Project X may be the definition of a “one trick pony,” but it embraces that trick with such enthusiasm and balls-to-the-wall wackiness that it succeeds in making a riot worthy movie for its generation. This movie focuses on scaling up the levels of craziness one drunken teen at a time, while reminding everyone what a great – if misbegotten – party is all about – no rules. Once you’ve thrown rules out the window, you’ve opened yourself up to orgy worthy antics that would make Spartacus jealous.
You’ve seen movies in the past, where a group of high school boys try to live it up before they head to college. Usually, it involves losing their virginity, such as in American Pie, Superbad or The Virginity Hit. These movies always culminate in a big party and one last chance to “be a man.” Project X skips all those wasted moments surrounding the party to give viewers one giant feature length party that keeps getting crazier and crazier.
The film follows Thomas Mann (as Thomas), Oliver Cooper (as Costa) and Jonathan Daniel Brown (as JB) as they setup Thomas’ birthday bash. Of course, Thomas’ parents are going out of town and he’s been entrusted to keep the house safe. His wild friend Costa, from Queens, has other ideas. In order to make sure Thomas’ party isn’t a bust, Costa invites college students as well as everyone on Craigslist. Instead of hiring real security for the party, Costa entrusts the task to two pre-adolescent kids, one of which loves to taser adults. This movie is all about pushing extremes and setting up paper-thin boundaries that will inevitably be broken. The pool may be off limits, but if you’re naked, you get a pass. Sure enough, everyone throws off their clothes and dives in.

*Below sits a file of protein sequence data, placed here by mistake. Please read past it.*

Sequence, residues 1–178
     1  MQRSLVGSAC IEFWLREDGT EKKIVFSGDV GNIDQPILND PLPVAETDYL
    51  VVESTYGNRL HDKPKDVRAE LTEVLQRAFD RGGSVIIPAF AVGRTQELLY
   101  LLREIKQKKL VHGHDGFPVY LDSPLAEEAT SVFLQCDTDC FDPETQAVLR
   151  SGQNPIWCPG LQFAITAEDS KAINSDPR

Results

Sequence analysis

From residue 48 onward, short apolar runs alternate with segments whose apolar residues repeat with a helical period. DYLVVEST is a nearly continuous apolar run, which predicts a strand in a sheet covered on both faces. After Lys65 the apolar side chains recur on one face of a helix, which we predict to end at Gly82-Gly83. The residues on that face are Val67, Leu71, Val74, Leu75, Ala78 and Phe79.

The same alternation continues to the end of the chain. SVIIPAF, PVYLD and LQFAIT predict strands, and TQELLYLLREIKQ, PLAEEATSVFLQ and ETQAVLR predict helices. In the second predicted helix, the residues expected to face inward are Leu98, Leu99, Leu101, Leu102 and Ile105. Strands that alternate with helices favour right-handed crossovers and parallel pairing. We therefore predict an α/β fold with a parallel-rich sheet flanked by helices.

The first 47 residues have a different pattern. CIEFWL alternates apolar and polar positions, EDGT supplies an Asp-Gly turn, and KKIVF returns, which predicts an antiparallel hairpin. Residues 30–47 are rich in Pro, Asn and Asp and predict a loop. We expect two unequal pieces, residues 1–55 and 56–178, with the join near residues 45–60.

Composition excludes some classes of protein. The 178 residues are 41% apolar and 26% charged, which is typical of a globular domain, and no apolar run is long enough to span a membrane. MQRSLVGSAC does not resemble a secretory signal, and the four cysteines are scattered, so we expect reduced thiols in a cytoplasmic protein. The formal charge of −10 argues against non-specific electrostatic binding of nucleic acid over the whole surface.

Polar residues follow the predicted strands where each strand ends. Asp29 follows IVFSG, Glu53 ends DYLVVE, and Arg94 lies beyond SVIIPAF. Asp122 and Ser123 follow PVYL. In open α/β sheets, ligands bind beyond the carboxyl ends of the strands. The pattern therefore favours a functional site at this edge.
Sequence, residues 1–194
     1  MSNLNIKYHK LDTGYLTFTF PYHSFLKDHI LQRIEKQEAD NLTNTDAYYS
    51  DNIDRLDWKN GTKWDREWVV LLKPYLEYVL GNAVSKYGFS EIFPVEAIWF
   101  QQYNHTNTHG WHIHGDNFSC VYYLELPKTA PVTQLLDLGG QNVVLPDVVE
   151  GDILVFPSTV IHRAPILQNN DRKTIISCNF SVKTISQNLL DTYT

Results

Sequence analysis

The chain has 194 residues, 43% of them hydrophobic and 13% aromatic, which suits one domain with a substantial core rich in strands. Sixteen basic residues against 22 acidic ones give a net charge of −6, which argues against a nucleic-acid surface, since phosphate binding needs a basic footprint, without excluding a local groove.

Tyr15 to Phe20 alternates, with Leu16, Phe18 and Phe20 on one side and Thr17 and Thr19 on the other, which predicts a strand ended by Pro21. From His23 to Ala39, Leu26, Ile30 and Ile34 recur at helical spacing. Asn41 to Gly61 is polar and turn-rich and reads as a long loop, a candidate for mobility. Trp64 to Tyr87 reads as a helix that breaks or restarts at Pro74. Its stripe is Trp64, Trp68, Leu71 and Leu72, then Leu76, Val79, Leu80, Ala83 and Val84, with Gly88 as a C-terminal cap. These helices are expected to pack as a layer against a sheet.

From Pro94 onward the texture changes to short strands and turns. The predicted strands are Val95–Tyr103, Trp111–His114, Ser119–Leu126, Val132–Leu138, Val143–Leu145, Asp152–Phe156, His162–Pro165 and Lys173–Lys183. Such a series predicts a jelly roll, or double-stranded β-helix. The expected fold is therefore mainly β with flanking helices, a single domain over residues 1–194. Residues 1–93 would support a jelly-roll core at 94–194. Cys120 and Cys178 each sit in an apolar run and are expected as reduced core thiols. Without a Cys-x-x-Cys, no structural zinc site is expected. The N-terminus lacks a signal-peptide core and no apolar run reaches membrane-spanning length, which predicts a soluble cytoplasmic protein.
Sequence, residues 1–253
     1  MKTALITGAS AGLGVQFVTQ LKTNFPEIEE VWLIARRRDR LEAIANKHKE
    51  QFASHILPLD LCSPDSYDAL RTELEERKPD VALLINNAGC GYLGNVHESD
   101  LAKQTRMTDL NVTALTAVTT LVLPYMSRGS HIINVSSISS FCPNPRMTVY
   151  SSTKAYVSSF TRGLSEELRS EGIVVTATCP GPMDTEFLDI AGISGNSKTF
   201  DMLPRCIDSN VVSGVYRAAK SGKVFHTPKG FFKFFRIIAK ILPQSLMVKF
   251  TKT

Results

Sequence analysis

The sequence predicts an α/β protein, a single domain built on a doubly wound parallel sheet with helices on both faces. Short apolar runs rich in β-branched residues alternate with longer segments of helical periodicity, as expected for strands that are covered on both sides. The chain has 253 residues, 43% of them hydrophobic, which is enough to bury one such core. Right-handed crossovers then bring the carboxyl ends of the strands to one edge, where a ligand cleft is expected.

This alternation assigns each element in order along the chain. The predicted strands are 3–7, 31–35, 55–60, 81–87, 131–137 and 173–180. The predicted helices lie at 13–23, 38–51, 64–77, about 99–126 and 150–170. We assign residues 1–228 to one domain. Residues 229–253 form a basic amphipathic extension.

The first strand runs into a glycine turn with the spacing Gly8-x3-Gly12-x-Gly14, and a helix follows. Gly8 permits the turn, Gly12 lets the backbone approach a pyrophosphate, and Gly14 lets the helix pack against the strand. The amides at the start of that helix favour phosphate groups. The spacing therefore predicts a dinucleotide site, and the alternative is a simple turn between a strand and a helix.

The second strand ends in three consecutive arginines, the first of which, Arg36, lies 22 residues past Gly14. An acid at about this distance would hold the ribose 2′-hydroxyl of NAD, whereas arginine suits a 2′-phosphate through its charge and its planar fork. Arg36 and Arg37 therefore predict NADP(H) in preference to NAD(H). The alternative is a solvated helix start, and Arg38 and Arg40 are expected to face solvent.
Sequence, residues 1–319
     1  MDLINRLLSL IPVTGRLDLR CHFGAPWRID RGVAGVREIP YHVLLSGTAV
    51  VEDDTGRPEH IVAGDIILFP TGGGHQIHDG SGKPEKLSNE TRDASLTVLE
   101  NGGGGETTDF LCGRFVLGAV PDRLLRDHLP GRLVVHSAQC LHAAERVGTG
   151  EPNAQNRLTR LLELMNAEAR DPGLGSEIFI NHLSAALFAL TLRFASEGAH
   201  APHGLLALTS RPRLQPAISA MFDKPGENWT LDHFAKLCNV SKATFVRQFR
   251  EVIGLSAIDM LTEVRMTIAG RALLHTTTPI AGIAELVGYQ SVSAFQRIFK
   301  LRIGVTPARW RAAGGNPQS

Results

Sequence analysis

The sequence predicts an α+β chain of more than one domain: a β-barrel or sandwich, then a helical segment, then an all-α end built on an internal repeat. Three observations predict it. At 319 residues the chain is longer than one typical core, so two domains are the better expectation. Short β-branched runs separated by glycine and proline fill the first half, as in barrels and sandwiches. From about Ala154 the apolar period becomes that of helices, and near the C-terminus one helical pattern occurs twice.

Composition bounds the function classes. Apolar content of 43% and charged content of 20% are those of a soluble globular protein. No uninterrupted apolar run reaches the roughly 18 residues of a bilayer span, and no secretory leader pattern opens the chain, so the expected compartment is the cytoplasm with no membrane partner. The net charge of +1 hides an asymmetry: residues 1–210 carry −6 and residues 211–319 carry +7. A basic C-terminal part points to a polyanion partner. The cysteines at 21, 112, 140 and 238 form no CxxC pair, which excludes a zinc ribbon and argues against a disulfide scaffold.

The joy of watching Project X is in wondering what will happen next. Liquor and sex may be a given, but how about skateboarding off of a rooftop? The film works in selling its premise thanks to the documentary film approach. Mann, Cooper and Brown are all relative newcomers to the big screen. Seeing these teens in action doesn’t feel like watching Hollywood actors trying to sell a party, but rather as regular teens pushing the boundaries on a limitless party.
The Blu-ray transition has only a few artifacts. Most of the shots are at night and you do get a sense that the blacks are overly crushed in the translation, but it works well with the documentary style.
Project X has a few behind-the-scenes featurettes that show the casting process for the film. You’ll see Cooper drop his pants in an audition as well as the three teens bonding before production begins. It was a smart decision on the part of Director Nima Nourizadeh to get the cast to hang out at Disney before production began. The friendship they developed translates well to film and adds authenticity to the documentary style. There is also a quick featurette that tallies up the prop and art design costs for the film, which includes most of the items damaged in the movie. It’s also comically edited to mock the one character in the movie who tried to stop the “party that just couldn’t be stopped.”
- Project Xpensive: Tallying up the Damages
- Project X: Declassified
See the trailer: